Cervical Cancer: The Cancer You Can Prevent


Published on

It is estimated that, in 2010 alone, over 12,000 women were diagnosed with cervical cancer, with more than 4,000 patients dying of the disease. What sets cervical cancer apart is that, unlike other cancers, cervical cancer is almost always caused by Human Papillomavirus (HPV). The bad news is that this cancer is caused by an incredibly common virus. The good news is that makes this one of the very few preventable cancers. Please join Dr. Diana Willadsen as she discusses this disease and the important—and life-saving—vaccines.

Published in: Health & Medicine
  • Be the first to comment

No Downloads
Total views
On SlideShare
From Embeds
Number of Embeds
Embeds 0
No embeds

No notes for slide

Cervical Cancer: The Cancer You Can Prevent

  1. 1. Cervical Cancer Diana Willadsen, MD Hematology & Oncology
  2. 2. CERVICAL CANCER <ul><li>Accounts for 11,000 new cancers and 3870 cancer deaths yearly in the U.S.A. </li></ul><ul><li>Higher incidence in minorities (double in Hispanics, 30% higher in African Americans) </li></ul><ul><li>Average age is 47 </li></ul><ul><li>Earlier onset with : </li></ul><ul><ul><li>-Earlier onset of sexual activity -Smoking (4x) </li></ul></ul><ul><ul><li>-Multiple partners -Hi-risk partner </li></ul></ul><ul><ul><li>-Oral contraceptives -More births </li></ul></ul>
  3. 3. INCIDENCE <ul><li>75% decrease over the last 50 years in developed countries </li></ul><ul><li>Remains the #2 cause of cancer mortality in undeveloped countries, with a 55% mortality </li></ul>
  4. 5. HUMAN PAPILLOMA VIRUS <ul><li>40 types exist; 15 are oncogenic </li></ul><ul><li>These account for 99.7% of cervical cancer </li></ul><ul><li>Also responsible for genital warts, cancer of the vulva, anus, penis, and some head and neck cancers </li></ul><ul><li>Most infections are cleared by host in 8-24 months </li></ul><ul><li>It may take 15 years to go from an unresolved infection to preinvasive cancerous changes to invasive cancer </li></ul>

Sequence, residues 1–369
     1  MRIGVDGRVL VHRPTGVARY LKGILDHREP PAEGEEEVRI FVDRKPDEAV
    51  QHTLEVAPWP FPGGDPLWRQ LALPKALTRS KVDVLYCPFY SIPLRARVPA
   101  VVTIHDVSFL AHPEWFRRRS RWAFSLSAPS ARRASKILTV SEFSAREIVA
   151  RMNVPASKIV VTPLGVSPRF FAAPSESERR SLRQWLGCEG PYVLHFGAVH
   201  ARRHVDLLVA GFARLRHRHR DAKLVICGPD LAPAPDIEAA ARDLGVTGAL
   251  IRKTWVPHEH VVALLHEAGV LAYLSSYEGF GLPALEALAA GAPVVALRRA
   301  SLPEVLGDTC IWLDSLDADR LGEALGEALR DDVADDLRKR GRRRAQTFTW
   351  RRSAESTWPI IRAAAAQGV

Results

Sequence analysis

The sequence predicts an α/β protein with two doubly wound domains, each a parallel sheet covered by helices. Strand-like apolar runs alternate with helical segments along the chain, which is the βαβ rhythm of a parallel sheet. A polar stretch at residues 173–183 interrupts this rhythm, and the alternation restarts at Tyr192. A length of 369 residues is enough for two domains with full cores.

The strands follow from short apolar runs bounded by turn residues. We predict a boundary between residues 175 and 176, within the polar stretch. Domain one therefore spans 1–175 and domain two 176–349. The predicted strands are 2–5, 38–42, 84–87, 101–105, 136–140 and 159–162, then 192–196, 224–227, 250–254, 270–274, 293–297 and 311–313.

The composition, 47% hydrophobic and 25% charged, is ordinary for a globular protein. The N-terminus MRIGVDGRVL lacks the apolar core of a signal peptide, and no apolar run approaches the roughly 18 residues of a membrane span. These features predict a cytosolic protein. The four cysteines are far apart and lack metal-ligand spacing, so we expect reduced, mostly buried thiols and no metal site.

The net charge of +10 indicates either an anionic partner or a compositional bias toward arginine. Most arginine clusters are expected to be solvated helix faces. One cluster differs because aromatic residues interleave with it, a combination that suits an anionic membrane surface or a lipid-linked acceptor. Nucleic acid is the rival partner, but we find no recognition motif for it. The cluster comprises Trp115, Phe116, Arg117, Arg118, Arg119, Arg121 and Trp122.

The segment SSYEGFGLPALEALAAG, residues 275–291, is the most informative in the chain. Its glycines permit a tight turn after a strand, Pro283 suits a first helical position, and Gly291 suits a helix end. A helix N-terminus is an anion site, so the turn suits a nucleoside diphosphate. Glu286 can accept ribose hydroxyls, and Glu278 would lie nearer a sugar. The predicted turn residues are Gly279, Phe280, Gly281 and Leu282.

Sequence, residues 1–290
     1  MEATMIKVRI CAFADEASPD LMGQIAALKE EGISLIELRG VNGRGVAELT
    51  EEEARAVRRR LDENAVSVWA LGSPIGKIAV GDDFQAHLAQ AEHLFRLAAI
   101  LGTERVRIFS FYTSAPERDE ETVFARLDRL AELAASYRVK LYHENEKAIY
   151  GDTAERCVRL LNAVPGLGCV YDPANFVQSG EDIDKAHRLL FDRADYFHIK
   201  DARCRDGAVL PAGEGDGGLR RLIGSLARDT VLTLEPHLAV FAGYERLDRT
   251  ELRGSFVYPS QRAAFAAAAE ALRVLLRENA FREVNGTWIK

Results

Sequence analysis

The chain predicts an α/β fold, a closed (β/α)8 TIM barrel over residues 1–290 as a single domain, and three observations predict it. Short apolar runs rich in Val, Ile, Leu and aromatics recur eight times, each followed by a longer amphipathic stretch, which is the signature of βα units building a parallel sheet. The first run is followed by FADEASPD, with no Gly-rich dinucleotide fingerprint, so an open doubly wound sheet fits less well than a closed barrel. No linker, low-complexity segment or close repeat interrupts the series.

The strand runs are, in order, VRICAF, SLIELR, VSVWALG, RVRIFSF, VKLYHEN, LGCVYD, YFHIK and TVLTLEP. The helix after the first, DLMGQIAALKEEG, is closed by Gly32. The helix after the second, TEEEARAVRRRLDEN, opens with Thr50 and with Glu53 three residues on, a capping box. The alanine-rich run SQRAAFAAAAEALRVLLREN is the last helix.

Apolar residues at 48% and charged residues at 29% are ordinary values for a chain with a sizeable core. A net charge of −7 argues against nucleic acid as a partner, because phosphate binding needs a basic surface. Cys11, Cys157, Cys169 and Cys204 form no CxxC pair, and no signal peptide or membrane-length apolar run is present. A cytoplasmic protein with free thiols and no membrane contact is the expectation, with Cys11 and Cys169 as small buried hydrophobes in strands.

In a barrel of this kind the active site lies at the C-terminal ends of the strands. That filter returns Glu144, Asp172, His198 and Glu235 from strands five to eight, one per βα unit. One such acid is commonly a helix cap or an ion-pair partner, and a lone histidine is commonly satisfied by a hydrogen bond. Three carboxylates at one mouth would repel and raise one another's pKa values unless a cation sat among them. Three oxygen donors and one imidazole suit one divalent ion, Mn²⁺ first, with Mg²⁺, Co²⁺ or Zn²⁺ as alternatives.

5. 6. FROM INFECTION TO CANCER <ul><li>1. HPV infection </li></ul><ul><li>2. Persistence of virus </li></ul><ul><li>3. Development of a clone of precancerous </li></ul><ul><li> cells </li></ul><ul><li>4. Invasion into healthy tissues </li></ul>
  6. 7. SCREENING <ul><li>PAP smear: a sample of cells is scraped off with a wooden tool, smeared on a slide, and examined for abnormal cells </li></ul><ul><li>False positives can occur in infections and other circumstances </li></ul><ul><li>Dysplasia requires further investigation </li></ul><ul><li>Conization or hysterectomy </li></ul>
  7. 8. SCREENING <ul><li>Most patients with invasive cervical cancer have never been screened </li></ul><ul><li>Average age at diagnosis is 47---if those ladies had been screened at 32, 35, 38, 40, 45 they might have been prevented from invasion, or at least caught early </li></ul><ul><li>Screening can be stopped after many years of no abnormal PAPs and monogamy </li></ul>
  8. 9. VACCINATION <ul><li>FDA approved for girls 11-12, as young as 9 </li></ul><ul><li>Some recommend vaccination up to age 26 </li></ul><ul><li>Boys can also be vaccinated </li></ul><ul><li>Early is important! </li></ul><ul><ul><li>Pre-exposure: 97-100% effective </li></ul></ul><ul><ul><li>After sexual debut: 44% </li></ul></ul>
  9. 10. “ My daughter is a nice girl and doesn’t need it.” “ My daughter will be a virgin when she gets married.” “ If you vaccinate your child, you might as well tell them that you don’t trust them.” “ If I vaccinate my child, she will think it means I approve of her sleeping around.” “ My daughter would NEVER have sex!” +
  10. 14. PRESENTING SYMPTOMS <ul><li>VAGINAL BLEEDING </li></ul><ul><li>BACK PAIN </li></ul><ul><li>SWOLLEN LYMPH NODES </li></ul><ul><li>SWOLLEN LEGS </li></ul><ul><li>BLADDER IRRITABILITY </li></ul><ul><li>RECTAL PAIN </li></ul>
  11. 15. TREATMENT <ul><li>RADICAL SURGERY </li></ul><ul><li>RADIATION THERAPY </li></ul><ul><li>CHEMOTHERAPY </li></ul><ul><li>THESE SHOULD ALL BE PREVENTABLE!!! </li></ul>
  12. 16. Questions?